leisure vs. laziness

A life of leisure and a life of laziness are two things. – Poor Richard

Leisure is the ability to do something, anything you want, without worrying about how to pay for it.  Leisure could mean an afternoon on the golf course, a morning with your head in a book, or an evening out on the town.  Leisure is planned.  More importantly, leisure is earned.  If you want to have leisure, you have to work hard in the non-leisure hours in order to pay for it.

Laziness is not leisure, but is often confused with it.  Laziness is when you can’t think of anything you want to do, or should do, so you sit and do nothing.  Watching TV is almost always lazy.  Golf and reading can be lazy, if you’re putting off important things to do it.

If you want leisure, you have to shun laziness.  Never allow it to raise its ugly head in your life.  I’ve found a couple good methods for slaying the lazy monster.  You can use these methods no matter your stage in life.  Whether unemployed, employed, self-employed, or retired.

Know what you want
This is the single most import thing to do if you want to be productive and earn your leisure.  If you don’t know what you want, how will you go about getting it?  A surprising number of people don’t know what they want and let life slip through their fingers.  Make a list of twenty times in your life when you were the happiest.  These could be any times, going as far back as you can remember.  Now do some brainstorming.  How could you re-create those happy times while doing something to make money?  Make a long list, keep it flowing.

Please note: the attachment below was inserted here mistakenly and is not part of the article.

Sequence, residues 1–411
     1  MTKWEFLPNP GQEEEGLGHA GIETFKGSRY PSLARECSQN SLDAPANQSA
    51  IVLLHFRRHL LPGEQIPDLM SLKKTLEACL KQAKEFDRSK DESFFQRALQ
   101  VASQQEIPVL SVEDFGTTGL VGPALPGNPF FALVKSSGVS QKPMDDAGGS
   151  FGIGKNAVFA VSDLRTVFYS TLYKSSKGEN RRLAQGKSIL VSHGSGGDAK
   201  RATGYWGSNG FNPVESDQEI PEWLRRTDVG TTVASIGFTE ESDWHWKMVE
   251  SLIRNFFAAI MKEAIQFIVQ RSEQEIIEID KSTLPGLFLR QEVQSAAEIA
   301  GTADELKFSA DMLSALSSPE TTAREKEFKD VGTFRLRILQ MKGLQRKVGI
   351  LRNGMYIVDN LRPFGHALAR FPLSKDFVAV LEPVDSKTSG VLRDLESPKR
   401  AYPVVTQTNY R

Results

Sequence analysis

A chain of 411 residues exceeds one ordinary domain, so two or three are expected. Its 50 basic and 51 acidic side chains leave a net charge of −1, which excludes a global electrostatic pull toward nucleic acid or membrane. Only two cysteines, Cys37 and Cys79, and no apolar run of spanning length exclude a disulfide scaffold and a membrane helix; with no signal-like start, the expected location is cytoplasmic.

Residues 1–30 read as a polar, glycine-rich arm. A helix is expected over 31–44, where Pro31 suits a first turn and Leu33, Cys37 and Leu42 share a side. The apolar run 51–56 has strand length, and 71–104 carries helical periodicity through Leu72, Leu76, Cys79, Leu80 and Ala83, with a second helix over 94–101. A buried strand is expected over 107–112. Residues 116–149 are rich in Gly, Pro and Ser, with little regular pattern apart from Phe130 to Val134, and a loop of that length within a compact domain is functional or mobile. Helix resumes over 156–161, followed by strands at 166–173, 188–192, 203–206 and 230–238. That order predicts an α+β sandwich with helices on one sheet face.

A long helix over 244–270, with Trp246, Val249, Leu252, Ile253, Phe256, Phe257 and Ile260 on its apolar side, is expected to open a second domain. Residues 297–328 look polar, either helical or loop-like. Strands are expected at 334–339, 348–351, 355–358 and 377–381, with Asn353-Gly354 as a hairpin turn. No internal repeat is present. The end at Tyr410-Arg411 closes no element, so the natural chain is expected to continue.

Set deadlines
Once you have a list of things to do, you can break this list down into ever smaller and smaller items.  Then you can set reasonable goals for completing those items.  If you wanted to run a marathon, you could set one day, one week, one month, and one year goals in the areas of diet, fitness, and distance.  If you wanted to start a new business, you could set goals for these same time periods in the areas of product knowledge, personal activity, and business productivity.

With these deadlines in place, it will be easy to know if you are on track or not.  Did you hit the goal you set for yourself today?  If not, how can you make sure you hit it tomorrow?  If yes, then it’s time for a little reward.

Reward yourself
In the end, a life of leisure will be your reward.  In the meantime, though, it’s OK to reward yourself at smaller intervals.  Every time you hit one of your milestones, make a big deal out of it.  Ice cream is a favorite reward of mine.  I’ll reward myself with ice cream for the smallest accomplishments.  It makes those accomplishments so much sweeter.  For bigger accomplishments, you might go golfing, or take a vacation, or buy that something special you’ve had your eye on.  Just be sure you don’t take the reward until you meet the milestone!

This article originally appeared in the September 10, 2008, edition of the Greenhorn Valley View.


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